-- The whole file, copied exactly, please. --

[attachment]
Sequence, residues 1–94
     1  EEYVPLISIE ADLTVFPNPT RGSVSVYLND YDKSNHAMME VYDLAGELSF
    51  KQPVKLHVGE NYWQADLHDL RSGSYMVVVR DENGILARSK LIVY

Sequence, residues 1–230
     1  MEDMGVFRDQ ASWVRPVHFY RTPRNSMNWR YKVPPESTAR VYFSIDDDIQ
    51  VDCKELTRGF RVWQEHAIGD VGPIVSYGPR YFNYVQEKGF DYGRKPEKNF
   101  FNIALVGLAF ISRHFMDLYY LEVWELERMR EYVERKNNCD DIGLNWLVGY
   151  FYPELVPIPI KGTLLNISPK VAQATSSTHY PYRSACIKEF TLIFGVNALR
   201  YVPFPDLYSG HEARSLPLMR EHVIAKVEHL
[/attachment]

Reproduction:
Sequence, residues 1–94
     1  EEYVPLISIE ADLTVFPNPT RGSVSVYLND YDKSNHAMME VYDLAGELSF
    51  KQPVKLHVGE NYWQADLHDL RSGSYMVVVR DENGILARSK LIVY

Sequence, residues 1–230
     1  MEDMGVFRDQ ASWVRPVHFY RTPRNSMNWR YKVPPESTAR VYFSIDDDIQ
    51  VDCKELTRGF RVWQEHAIGD VGPIVSYGPR YFNYVQEKGF DYGRKPEKNF
   101  FNIALVGLAF ISRHFMDLYY LEVWELERMR EYVERKNNCD DIGLNWLVGY
   151  FYPELVPIPI KGTLLNISPK VAQATSSTHY PYRSACIKEF TLIFGVNALR
   201  YVPFPDLYSG HEARSLPLMR EHVIAKVEHL